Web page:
Tokyo (AFP) Jan. 31, 2001
Undaunted by its less than glorious track record in space, Japan's ministry of economy, trade and industry (METI) has ambitious plans to launch a giant solar power station by 2040.
"We are starting research for a solar power generation satellite from fiscal year 2001 in April," Osamu Takenouchi, of METI's airplane, weapons and space industry division told AFP.
"We are planning to start operating the system in 2040," Takenouchi added.
"On Earth, clouds absorb sunlight, reducing (solar) power generation.
But in space, we will be able to generate electric power even at night," Takenouchi said.
METI plans to launch a satellite capable of generating one million kilowatts per second -- equivalent to the output of a nuclear plant -- into geostationary orbit, about 36,000 kilometers (22,320 miles) above the earth's surface.
The satellite will have two gigantic solar power-generating wing panels, each measuring three kilometers by a 1,000 meter diameter power transmission antenna between them, Takenouchi said.
The electricity produced will be sent back to earth in the form of microwaves with a lower intensity than those emitted by mobile phones.
"We intend to ensure the microwaves will not interrupt mobile phone and other telecommunications," Takenouchi said.
The receiving antenna on the ground, several kilometers in diameter, would probably be set up in a desert or at sea, and the electricity relayed from there along conventional cables he said.
The satellite is projected to weigh about 20,000 tonnes and the total construction cost is estimated at around two trillion yen (17 billion dollars), at current prices.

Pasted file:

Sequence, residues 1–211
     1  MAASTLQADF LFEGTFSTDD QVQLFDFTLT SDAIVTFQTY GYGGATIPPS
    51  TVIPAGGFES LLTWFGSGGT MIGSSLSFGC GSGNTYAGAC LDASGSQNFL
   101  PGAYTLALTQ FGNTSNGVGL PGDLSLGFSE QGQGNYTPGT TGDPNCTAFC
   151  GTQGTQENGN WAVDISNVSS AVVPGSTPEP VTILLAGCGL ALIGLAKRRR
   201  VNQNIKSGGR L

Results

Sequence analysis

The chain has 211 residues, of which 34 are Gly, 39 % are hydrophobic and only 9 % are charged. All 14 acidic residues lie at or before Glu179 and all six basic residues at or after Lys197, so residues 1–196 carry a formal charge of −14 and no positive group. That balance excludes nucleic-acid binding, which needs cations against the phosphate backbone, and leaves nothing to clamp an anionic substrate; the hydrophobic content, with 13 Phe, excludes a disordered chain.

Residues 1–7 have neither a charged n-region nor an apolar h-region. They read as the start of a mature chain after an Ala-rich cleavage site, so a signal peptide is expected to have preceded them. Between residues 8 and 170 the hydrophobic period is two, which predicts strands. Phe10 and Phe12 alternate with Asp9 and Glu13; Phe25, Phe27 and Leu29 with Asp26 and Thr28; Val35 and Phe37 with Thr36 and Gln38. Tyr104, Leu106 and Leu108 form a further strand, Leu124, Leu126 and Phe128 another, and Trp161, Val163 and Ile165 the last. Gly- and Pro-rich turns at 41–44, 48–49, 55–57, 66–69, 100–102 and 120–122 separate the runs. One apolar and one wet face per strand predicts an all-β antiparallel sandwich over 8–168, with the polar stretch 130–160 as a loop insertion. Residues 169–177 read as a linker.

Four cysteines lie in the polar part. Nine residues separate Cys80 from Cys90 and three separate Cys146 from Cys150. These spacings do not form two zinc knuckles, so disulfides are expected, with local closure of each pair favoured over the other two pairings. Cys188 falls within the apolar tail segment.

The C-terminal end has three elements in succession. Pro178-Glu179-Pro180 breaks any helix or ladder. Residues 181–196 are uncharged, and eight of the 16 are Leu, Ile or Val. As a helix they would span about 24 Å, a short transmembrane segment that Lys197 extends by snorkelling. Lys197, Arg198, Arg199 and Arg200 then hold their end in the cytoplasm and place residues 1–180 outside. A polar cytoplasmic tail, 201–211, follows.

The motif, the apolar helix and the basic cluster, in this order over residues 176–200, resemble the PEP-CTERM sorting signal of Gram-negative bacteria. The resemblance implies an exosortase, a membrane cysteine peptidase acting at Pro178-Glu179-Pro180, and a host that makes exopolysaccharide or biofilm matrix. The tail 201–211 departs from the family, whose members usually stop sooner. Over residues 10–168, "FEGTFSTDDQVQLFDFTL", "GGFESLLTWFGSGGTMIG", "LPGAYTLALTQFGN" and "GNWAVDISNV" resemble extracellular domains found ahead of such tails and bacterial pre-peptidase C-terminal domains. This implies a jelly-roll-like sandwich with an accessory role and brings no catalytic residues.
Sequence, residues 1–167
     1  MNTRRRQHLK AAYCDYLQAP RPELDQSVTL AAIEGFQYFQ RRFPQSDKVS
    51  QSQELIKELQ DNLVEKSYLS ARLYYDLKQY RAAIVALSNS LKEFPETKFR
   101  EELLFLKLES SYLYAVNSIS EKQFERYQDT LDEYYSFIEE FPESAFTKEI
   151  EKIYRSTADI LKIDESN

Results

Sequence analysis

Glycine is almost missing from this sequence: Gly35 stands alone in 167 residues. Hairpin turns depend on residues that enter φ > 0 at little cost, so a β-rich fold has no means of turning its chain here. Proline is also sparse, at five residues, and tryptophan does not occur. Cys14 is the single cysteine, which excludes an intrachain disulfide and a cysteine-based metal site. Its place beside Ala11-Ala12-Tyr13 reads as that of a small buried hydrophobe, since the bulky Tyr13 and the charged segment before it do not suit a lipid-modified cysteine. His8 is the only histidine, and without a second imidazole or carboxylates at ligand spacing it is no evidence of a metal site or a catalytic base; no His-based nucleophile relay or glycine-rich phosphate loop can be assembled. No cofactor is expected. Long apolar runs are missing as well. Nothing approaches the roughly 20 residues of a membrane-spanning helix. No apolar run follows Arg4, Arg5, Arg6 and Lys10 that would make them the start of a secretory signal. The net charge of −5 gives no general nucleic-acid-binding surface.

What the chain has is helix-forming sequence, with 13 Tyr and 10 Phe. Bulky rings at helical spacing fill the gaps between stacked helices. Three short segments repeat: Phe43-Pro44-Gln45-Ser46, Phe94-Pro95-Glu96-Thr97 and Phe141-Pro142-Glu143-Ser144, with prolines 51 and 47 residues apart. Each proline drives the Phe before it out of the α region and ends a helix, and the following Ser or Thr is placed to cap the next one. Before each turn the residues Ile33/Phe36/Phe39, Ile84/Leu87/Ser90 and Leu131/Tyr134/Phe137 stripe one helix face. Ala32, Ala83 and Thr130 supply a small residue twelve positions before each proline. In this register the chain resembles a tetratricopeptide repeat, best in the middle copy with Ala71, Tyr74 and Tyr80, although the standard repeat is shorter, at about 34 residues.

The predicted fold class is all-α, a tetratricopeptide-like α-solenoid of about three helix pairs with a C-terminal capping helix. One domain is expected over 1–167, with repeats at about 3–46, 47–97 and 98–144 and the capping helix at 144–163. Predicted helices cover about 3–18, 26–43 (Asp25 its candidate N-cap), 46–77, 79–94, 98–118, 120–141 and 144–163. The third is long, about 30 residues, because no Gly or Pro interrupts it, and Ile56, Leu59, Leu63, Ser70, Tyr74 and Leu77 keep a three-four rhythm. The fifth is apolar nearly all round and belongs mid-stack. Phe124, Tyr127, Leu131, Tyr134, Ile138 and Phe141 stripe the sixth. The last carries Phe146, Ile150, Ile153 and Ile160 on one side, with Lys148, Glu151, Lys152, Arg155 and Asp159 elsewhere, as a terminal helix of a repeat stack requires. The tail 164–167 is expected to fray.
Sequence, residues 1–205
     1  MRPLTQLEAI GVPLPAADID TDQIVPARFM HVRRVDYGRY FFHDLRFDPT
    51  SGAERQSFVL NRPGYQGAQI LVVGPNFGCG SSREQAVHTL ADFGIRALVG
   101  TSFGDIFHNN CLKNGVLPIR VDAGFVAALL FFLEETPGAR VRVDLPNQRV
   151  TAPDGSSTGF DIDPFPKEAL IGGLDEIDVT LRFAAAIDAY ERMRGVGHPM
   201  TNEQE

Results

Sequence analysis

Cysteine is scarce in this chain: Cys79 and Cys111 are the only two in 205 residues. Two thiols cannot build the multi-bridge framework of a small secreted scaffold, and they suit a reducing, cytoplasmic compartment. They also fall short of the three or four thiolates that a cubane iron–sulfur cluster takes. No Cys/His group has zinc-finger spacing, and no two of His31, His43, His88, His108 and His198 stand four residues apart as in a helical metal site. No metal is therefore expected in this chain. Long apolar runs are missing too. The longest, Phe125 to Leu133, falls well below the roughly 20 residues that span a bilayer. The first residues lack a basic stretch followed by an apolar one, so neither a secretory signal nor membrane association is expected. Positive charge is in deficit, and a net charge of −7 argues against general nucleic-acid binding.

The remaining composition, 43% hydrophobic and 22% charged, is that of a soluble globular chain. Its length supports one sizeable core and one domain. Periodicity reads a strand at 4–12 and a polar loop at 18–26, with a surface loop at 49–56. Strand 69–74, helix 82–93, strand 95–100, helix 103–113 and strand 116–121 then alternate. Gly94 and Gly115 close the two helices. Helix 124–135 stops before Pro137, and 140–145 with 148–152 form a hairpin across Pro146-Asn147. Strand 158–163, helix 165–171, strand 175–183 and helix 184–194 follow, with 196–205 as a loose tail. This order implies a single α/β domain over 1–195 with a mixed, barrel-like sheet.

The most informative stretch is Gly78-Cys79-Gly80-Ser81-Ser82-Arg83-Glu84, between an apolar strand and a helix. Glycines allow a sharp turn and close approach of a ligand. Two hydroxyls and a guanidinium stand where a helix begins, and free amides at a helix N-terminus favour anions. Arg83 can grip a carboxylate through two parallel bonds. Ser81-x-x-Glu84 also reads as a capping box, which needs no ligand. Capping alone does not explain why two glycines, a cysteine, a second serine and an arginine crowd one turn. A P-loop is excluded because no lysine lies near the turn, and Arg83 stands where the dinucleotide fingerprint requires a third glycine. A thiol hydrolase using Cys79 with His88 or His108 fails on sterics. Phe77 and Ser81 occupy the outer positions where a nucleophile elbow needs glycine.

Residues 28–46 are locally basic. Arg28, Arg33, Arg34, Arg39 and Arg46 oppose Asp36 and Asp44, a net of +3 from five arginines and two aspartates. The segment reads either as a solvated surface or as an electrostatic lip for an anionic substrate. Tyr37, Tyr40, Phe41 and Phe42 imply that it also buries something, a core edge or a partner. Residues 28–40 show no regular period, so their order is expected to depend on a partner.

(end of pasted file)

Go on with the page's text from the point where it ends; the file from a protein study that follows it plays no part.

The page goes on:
One economic hurdle so far is that it would cost about 23 yen per kilowatt hour to generate power in space compared to nine yen for thermal or nuclear power generation.
"But we will consider ways to lower the costs," Takenouchi said.
A similar plan was aired by the United States' National Aeronautics and Space Administration (NASA) but nothing has so far come of it.
One of the reasons for pursuing the dream of beaming power back to Earth is that scientists believe it could help reduce global warming.
"Solar power generation will not emit carbon dioxide, and so would benefit the environment compared to thermal power," Takenouchi said.
Besides, "the safety and other issues associated with nuclear power generation will disappear," Takenouchi said.
Honorary professor of space science at Tokyo University, Jun Nishimura said launching such a huge satellite was theoretically possible, adding the investment on research and development was money well spent.
Satellites being put into orbit nowadays weigh between 20 and 30 tonnes on average, Nishimura noted. "But 20 to 30 years earlier, satellites weighing only 100 kilograms could be launched."
"The International Space Station will also be huge."
While the lead time needed to develop the technology to build large-scale structures in space made 2040 a realistic target date, "the real question is cost performance," he said.
"Solar power generation in space can be realized only if the same amount of electricity can be generated at the same cost" as conventional means of power generation including construction costs, Nishimura said.
Japan started its space development programme in 1969 and has launched more than 30 rockets. But the programme has been blighted by a series of embarrassing failures.
Last November, the National Space Development Agency of Japan was forced to explode an H-2 rocket and satellite by remote control when it veered off course after lift-off.
In February 1998, a satellite was lost in space despite a successful separation from an H-2 rocket because it was released at the wrong altitude and sent into an elliptical orbit.
The H-2 is intended to be Japan's answer to Europe's Ariane commercial satellite launch vehicle.
Editor's Note: METI is the new name for what was formerly the Ministery of International Trade and Industry - the all powerful MITI.
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Conceptual Study of A Solar Power Satellite, SPS 2000
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